4. Radical designs: This one requires some thought. A banker with a radical business card probably won’t go very far, but if you’re in the restaurant business or any creative industry, it’s worth exploring ideas that can make your card stand out. You can break off from the rectangular layout and try a layout that makes your business
    Image from - http://www.cardfaves.com/images/2012/danielle-yoga-2.jpg

    Image from – http://www.cardfaves.com

    self explanatory. For example, a yoga centre made their business card look like a yoga mat; a bakery made their business card look like a cookie cutter. You can explore with materials as well: there is no rule that says it needs to be made of paper.

  5. Offering your card: Knowing how to give your business card is as important as the card itself. Try not to make it look like your card is given to just about anybody. It’s a unique marketing tool that is handed to someone deliberately and with great regard to who it goes to. Giving it with both hands is a sign of reverence. It also helps if you have a hook when you offer your card, maybe a memorable catch-phrase or a joke. I know, it sounds cheesy, but again, if you can get someone to tag your face to your name, then that cheesy joke is worth a shot.

Bonus Points: In Asia, many people refer to “business cards” as “calling cards”.

Hope these 5 points help. Let us know if you have any more ideas on business cards that stand out.

News: Labour Crunch in Singapore

Labour Crunch in SingaporeThe F&B sector is facing a labour crunch. Restaurants are turning away diners even though they have empty tables because they are understaffed. This has been a problem in Singapore, but never more serious than now. Singapore’s unemployment rate is at a stunning 1.9%. The turnover rate in the F&B business is the highest among all industries.

As an economics student, I see this as an interesting problem. Finding out what is going on behind the statistic is necessary from a policy perspective. But it also helps a restaurant owner to prepare his or her restaurant and steer through till the economy adjusts to the issue. So what is going on and what can you expect?

  1. Saturated labour market

With such a low unemployment rate, the pool for new recruits is drying. It would help if Singapore could widen its employment base and rope in people who have dropped out of the labour force altogether. However there is a problem with this.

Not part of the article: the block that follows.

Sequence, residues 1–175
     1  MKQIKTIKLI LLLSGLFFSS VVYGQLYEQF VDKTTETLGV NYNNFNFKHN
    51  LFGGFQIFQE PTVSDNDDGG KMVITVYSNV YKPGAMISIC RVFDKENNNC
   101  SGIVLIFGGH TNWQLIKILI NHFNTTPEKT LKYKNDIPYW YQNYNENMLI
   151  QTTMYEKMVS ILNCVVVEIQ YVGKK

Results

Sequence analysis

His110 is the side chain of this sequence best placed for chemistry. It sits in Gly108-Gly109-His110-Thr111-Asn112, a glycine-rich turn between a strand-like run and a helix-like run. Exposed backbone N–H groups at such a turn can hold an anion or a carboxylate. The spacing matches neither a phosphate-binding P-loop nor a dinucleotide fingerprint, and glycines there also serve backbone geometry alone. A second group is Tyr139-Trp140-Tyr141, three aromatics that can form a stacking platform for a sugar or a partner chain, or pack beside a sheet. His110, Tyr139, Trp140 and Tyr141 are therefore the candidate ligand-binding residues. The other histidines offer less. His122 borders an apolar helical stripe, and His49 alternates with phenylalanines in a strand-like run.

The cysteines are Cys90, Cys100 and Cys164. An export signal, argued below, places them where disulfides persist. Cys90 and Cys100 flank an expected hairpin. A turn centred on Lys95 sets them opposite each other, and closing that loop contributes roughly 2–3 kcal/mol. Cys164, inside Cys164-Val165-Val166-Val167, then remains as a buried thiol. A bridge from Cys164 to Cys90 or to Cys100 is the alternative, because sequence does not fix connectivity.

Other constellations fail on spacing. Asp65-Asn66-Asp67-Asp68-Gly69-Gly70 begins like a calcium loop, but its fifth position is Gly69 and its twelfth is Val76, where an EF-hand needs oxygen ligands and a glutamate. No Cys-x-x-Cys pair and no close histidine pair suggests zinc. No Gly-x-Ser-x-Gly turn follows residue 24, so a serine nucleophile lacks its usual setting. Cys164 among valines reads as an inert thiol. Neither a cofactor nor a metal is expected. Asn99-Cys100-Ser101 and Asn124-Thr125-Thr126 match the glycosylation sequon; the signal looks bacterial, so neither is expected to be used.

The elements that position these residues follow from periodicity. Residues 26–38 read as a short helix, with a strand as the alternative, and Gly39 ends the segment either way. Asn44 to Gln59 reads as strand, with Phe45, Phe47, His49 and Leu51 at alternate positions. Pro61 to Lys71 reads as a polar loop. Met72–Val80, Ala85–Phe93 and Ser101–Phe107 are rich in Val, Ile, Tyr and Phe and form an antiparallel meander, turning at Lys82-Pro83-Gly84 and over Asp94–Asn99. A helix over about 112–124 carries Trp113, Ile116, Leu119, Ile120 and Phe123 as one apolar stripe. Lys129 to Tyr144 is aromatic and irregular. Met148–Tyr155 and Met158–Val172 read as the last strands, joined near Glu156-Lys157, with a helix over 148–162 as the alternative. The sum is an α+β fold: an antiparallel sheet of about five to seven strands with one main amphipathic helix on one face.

Employment numbers among locals is concentrated towards food services, retail trade and construction. Wages in these domestic oriented industries are lower than export oriented ones. Low wages are a disincentive. People will be more willing to joining the labour force if wages were higher.

The second problem with widening the employment base is that the population of Singapore is too small. There aren’t enough locals to widen the labour market. But more on that later.

Now, we have mentioned that wages are low in the food services and retail market. But you must be noticing that you need to pay higher to retain your workers. This is the typical economics demand-supply problem. As the demand for workers rises while the supply remains the same, wages must rise. If it has not happened in a dramatic way yet, it will eventually. Markets will adjust and overcome rigidities unless the government intervenes.

  1. Labour Laws

Let’s go back to widening the labour market and why we can’t seem to do that. Firstly, Singapore’s local population is too small. Secondly, foreign workers are restricted by numbers and industries.

For the F&B services, it would help to employ a foreign worker for every old-age worker, as suggested by Food and Beverage Work Group Report. While this is a policy decision that the government has to take, restaurant owners should be aware about the policy changes that are likely to come about, considering the current labour market.

  1. Perception of working in the F&B industry

It is hardly surprising that the labour market is not kind to F&B services. The hours are eratic, the pay is low. The lack of a minimum wage in Singapore leads to wages being pushed down to a point where Singaporeans cannot accept the job.

The overall benefits of an entry level worker in the F&B industry are minimal. This could have damaging effects. If the government does decide to loosen rules on part-time, the connotation that is attached to F&B employment may hinder chances of employing students. If this perception does not change, the F&B industry might see more restaurants shutting down.